When parents and teachers work closely together, it strengthens the ability to build self-reliance and resiliency in children. In a traditional school environment, oftentimes individual needs of students are overshadowed by the measurement goals and objectives put in place by a massive system. Traditional schools by nature do not have the ability to promote or advance specific values held by individual families. In today’s world, allowing parents the choice to have their child educated in an environment that supports their world view and values is a growing advantage for non-traditional education.

Another trend discussed for non-traditional education is career readiness. South Carolina is blessed with advanced technology jobs and non-traditional schools have moved quickly to provide the resources necessary to ensure students are prepared to meet workforce demands. All agreed that opportunities other than the traditional four-year university should be better promoted to students and parents. In addition, career counseling at the middle school level should be altered to promote trade school as a viable and practical alternative to a traditional degree program.

More should be done to inform parents of educational options for their children. Although South Carolina supports school choice, these options are not widely known. And knowing and understanding these choices are vitally important to low-income families. A parent’s income should never determine the child’s access to a quality education. And the requirement to essentially pay twice (taxes and private tuition) is simply not fair. For many low-income families, traditional school not only means lower graduation rates and less than adequate education outcomes, but school safety is also a concern.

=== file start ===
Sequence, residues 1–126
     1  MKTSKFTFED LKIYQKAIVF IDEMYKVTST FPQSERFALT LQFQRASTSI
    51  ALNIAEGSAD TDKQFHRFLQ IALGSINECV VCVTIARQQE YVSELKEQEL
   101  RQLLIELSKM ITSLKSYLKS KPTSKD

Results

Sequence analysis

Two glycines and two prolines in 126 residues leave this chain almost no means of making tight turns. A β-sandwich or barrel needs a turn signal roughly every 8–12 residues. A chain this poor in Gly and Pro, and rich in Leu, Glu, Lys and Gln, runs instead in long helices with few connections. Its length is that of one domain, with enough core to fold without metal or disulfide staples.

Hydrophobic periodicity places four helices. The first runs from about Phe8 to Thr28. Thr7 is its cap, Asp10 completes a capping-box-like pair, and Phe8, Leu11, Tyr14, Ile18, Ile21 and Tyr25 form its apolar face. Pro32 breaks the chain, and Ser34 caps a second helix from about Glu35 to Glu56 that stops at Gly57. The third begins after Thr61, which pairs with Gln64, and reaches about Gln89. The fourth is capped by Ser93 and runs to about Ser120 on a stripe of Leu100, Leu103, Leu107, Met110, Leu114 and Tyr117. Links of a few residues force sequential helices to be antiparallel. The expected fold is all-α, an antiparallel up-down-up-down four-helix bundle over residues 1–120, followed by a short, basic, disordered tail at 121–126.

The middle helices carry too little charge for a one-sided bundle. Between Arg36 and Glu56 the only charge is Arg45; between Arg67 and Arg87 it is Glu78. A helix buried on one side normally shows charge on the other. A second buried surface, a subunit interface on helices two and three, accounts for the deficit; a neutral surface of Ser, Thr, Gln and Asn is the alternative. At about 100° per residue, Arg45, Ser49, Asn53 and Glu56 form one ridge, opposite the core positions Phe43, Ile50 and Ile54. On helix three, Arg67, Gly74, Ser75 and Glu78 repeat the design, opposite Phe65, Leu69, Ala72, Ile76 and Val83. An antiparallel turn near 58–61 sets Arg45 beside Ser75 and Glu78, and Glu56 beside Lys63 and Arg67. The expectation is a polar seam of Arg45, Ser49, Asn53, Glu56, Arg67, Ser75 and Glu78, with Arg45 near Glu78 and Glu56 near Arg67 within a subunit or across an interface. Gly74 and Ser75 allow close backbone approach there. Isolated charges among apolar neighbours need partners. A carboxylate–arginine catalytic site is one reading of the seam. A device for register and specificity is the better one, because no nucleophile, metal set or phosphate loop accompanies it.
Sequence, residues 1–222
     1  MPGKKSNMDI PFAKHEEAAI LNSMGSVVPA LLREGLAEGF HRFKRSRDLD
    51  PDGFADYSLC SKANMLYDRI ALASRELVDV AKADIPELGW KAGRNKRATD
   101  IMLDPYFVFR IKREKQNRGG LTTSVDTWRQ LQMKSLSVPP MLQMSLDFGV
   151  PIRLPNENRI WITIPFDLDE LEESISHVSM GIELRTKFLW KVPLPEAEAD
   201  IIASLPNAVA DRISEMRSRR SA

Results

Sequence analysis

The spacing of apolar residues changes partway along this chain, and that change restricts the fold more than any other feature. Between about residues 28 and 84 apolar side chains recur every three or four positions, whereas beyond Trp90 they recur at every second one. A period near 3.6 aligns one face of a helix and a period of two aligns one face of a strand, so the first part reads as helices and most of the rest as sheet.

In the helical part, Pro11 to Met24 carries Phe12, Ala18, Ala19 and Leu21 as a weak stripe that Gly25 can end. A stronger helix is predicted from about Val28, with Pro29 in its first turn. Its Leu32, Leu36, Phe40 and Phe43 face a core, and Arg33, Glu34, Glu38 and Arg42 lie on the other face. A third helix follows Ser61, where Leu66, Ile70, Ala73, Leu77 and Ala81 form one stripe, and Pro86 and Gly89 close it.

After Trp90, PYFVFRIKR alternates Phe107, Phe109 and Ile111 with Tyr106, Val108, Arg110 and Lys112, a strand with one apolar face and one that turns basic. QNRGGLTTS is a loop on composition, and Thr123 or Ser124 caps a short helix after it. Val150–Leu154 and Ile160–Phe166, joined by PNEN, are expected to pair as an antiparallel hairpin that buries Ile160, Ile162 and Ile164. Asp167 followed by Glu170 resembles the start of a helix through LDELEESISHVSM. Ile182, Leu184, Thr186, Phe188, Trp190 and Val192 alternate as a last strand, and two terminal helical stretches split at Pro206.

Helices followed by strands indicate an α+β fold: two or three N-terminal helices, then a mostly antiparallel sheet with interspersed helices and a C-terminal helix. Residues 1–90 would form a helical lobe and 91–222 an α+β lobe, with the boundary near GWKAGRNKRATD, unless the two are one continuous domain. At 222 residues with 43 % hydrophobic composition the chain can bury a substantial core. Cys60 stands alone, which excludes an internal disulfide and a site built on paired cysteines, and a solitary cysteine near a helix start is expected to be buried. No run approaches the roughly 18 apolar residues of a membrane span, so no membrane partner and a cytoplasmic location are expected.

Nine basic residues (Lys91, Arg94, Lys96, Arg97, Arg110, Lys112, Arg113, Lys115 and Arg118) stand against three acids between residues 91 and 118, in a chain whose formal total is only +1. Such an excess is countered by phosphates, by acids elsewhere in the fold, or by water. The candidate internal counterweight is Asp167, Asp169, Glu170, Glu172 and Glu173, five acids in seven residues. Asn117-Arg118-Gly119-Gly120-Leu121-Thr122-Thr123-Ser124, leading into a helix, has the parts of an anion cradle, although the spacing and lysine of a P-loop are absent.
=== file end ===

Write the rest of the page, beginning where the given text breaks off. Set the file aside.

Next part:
Lastly, the era of Covid-19 has brought attention to non-traditional teaching methods. It has been a positive experience for some parents who have enjoyed being more involved in their child’s education and they are now exploring options and choices for the future. For those with bad experiences learning from home, it is important that they understand the negative issues public schools have faced with remote learning are not issues found in schools properly set up for this method of teaching and learning. The timing is right to educate the public on these matters because the topic is top-of-mind for many people.

All participants agreed that the first step to positive change in education is to be honest about what works and does not work, to stop criticizing other schools and teaching methods, and support individual choice without judgment. Not every private school works for every student; not every virtual school works for every student; and not every public school works for every student.

Breaking down silos and learning from each other can only strengthen education in our state. The group unanimously agreed to maintain contact through an established group email platform and to also visit each other’s schools throughout the coming year. Five hours was simply not enough time, which is a great indicator of a successful conversation. Lt. Governor Evette challenged the group to hold an annual event and widen the tent.

Challenge accepted. Plans are already underway for next years’ event.